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College football: Miami’s Mark Richt retires; Houston fires Applewhite; CFP ratings down

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Miami coach Mark Richt talks with quarterback N’Kosi Perry during the second half of a game against Pittsburgh on Nov. 24.
(Lynne Sladky / Associated Press)

Mark Richt stepped down as Miami coach on Sunday, an announcement that caught the school off-guard and comes just days after the end of an underachieving season.

Richt, 58, said he was not forced out, and that the decision to retire was his.

“My love for the U is simply great,” Richt said. “My true desire is for our football program to return to greatness, and while terribly difficult, I feel that stepping down is in the best interests of the program.”

Richt said he informed Miami athletic director Blake James of his decision “a few hours” before the school sent out a news release shortly before 1 p.m. announcing the move. The Hurricanes scheduled a news conference for later Sunday to discuss the situation and where the program will go from here.

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Miami struggled to a 7-6 record this season, falling to Wisconsin in the Pinstripe Bowl on Thursday night. The Hurricanes have lost nine of their last 16 games going back to a 10-0 start last season, were horrendous on offense at times in 2018 — totaling just 100 passing yards in their last two games — and saw several recruits who were committed decide to either sign elsewhere or reopen their college decisions.

Richt was 26-13 at Miami, and 171-64 in 18 seasons between Georgia and the Hurricanes. He gave no indication that he was considering an early exit. He arrived at Miami in December 2015, spearheaded the building of an indoor practice facility that opened earlier this season and signed an extension in May that kept him under contract through 2023. He was making just over $4 million annually.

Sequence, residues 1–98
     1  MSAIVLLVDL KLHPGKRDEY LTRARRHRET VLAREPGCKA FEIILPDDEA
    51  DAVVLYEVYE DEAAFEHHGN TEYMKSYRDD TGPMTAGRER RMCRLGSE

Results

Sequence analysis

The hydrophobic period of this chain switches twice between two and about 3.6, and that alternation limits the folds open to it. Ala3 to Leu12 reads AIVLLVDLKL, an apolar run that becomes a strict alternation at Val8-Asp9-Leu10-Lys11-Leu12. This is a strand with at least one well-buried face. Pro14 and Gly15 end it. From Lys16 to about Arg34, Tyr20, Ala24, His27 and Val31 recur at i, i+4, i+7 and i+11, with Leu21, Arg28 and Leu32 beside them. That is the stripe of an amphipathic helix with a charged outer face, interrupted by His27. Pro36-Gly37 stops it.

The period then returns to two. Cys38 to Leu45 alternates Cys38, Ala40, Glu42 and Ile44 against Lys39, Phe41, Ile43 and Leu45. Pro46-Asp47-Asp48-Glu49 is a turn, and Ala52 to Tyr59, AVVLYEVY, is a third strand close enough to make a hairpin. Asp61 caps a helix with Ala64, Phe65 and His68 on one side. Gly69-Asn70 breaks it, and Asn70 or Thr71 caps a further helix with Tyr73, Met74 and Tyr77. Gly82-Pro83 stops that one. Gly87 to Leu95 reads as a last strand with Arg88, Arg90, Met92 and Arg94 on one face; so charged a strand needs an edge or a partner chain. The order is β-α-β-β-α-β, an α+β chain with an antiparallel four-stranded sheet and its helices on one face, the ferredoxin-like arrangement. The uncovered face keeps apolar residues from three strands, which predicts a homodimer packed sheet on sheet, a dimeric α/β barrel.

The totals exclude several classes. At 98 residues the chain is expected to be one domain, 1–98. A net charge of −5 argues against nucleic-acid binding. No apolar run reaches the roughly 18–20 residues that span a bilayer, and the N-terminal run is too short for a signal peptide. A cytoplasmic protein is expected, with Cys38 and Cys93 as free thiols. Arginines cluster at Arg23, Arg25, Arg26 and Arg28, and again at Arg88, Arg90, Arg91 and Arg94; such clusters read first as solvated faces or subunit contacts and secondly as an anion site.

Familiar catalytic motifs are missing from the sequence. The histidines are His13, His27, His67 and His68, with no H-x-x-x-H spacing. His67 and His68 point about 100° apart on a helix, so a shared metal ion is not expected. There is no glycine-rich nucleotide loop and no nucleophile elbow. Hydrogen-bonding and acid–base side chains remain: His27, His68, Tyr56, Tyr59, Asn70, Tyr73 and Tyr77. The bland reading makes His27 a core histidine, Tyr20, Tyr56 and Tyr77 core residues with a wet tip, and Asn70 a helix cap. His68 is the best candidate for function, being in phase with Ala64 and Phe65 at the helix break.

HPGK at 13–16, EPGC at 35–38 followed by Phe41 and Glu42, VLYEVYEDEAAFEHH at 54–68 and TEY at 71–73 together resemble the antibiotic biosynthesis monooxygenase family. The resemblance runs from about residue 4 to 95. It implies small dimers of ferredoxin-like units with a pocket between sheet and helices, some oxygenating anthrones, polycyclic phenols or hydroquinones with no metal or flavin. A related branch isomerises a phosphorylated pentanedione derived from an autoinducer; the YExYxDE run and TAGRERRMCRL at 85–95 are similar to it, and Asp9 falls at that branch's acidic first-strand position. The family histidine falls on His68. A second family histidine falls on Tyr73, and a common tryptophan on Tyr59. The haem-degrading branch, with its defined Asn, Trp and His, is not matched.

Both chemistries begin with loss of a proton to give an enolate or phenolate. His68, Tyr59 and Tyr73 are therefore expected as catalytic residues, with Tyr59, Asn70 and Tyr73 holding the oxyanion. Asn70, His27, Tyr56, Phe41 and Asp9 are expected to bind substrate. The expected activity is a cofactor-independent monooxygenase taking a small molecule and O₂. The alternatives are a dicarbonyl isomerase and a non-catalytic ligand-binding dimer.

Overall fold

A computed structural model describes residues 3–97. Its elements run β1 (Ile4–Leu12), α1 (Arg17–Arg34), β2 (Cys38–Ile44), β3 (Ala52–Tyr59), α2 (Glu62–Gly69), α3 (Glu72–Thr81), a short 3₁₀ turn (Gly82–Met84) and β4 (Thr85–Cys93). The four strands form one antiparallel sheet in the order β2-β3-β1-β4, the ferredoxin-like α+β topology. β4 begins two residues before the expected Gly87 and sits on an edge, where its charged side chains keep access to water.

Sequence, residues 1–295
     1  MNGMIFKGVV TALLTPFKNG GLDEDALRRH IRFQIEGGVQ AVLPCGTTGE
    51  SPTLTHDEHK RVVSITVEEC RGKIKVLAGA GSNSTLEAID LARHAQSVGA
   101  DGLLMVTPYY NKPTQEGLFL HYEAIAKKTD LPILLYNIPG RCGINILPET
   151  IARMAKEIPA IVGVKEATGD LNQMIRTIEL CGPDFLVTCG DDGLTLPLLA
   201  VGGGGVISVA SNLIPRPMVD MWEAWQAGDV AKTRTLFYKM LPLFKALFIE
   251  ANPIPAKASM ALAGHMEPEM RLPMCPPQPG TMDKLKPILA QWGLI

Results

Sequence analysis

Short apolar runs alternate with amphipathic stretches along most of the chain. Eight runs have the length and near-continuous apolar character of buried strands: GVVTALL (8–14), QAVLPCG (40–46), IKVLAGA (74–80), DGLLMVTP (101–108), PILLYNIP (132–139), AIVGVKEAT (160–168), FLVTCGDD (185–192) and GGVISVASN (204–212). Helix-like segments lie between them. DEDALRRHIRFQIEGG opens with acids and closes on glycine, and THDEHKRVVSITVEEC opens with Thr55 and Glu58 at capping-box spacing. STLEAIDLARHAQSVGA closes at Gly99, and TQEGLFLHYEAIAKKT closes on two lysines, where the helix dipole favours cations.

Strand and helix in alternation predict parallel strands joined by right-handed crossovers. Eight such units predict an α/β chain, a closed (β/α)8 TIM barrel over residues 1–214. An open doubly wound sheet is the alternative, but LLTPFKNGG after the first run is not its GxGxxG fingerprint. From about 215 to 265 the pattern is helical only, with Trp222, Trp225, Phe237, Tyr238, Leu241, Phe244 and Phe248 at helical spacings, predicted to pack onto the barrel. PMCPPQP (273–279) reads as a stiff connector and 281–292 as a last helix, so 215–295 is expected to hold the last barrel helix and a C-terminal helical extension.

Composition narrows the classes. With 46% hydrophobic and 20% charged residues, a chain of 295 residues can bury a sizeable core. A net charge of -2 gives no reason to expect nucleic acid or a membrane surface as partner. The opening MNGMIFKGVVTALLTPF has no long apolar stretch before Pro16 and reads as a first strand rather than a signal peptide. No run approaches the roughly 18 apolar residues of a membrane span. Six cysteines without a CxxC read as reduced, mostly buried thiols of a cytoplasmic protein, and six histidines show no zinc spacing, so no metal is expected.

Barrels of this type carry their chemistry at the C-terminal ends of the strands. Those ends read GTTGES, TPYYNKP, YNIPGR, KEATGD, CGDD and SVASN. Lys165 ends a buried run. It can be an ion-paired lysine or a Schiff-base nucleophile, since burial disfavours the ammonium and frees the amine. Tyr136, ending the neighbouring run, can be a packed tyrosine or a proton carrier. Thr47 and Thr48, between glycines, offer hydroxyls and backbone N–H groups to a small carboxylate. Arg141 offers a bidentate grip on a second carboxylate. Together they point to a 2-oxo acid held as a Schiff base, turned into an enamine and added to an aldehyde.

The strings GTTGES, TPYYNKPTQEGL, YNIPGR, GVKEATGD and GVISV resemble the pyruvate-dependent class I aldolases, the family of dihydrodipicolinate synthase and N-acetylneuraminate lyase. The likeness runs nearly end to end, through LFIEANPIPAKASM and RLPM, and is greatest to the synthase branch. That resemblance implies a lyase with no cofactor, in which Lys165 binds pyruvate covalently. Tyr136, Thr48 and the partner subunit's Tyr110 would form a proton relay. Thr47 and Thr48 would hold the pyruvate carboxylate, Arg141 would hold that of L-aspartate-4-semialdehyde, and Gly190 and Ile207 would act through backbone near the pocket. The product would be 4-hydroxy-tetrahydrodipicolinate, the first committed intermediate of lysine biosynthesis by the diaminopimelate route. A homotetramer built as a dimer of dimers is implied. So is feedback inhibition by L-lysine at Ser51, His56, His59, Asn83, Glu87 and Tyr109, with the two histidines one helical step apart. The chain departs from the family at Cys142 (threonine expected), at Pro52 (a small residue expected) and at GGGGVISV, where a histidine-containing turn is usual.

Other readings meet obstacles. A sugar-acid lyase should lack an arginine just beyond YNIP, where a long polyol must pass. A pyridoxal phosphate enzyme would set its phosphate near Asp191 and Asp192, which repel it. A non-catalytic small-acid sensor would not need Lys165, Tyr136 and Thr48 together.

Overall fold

“The decision came after a great deal of thought, discussions with my family, and prayer,” Richt said. “This was my decision.”

Applewhite out in Houston

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Houston has fired football coach Major Applewhite after two seasons.

The school announced the move Sunday, a little more than a week after the Cougars were trounced in a 70-14 loss to Army in the Armed Forces Bowl.

Houston (8-5) lost four of its last five games after starting 7-1 and earning a ranking in the AP Top 25 for one week in late October. On Dec. 22, the injury-plagued Cougars suffered their most-lopsided loss in their 27 bowl games, and their biggest loss overall since a 66-10 loss at UCLA during the 1997 regular season.

Applewhite had been at Houston since January 2015 when he was hired as offensive coordinator under Tom Herman. After Herman left to coach at Texas in November 2016, Applewhite was promoted from offensive coordinator to head coach, where he served for two years.

CFP ratings dragged down by lopsided games

Television ratings for the College Football Playoff on ESPN dropped from last season, dragged down by lopsided games and not being playing on New Year’s Day.

ESPN says Alabama’s 45-34 victory against Oklahoma in the Orange Bowl on Saturday night drew a 10.4 overnight rating, peaking at 11.8 early in the first quarter when the Crimson Tide jumped out to a 14-point lead. Alabama eventually led 28-0.

The network says Clemson’s 30-3 victory against Notre Dame in the Cotton Bowl earlier Saturday drew a 10.3 rating, peaking at 11.2 when the Tigers scored with 2 seconds left in the first half to make it 23-3.

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Last season, when the semifinals were played on New Year’s Day and Georgia and Oklahoma went to overtime in the Rose Bowl, the games averaged a 13.9 overnight rating.

The best television ratings for the College Football Playoff came in the first year, when Florida State and Oregon played in the Rose Bowl and Alabama and Ohio State played in the Sugar Bowl on Jan. 1, 2015, and both games were competitive into the second half. ESPN drew record audiences of more than 28 million viewers and an average rating of about 15.


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